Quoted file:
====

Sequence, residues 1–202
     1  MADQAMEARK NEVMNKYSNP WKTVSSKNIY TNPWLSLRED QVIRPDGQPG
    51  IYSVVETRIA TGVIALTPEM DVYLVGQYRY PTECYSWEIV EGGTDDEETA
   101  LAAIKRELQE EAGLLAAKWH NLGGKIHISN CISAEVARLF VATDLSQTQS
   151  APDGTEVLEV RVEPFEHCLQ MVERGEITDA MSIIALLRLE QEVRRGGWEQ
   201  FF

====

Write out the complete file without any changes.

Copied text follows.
Sequence, residues 1–202
     1  MADQAMEARK NEVMNKYSNP WKTVSSKNIY TNPWLSLRED QVIRPDGQPG
    51  IYSVVETRIA TGVIALTPEM DVYLVGQYRY PTECYSWEIV EGGTDDEETA
   101  LAAIKRELQE EAGLLAAKWH NLGGKIHISN CISAEVARLF VATDLSQTQS
   151  APDGTEVLEV RVEPFEHCLQ MVERGEITDA MSIIALLRLE QEVRRGGWEQ
   201  FF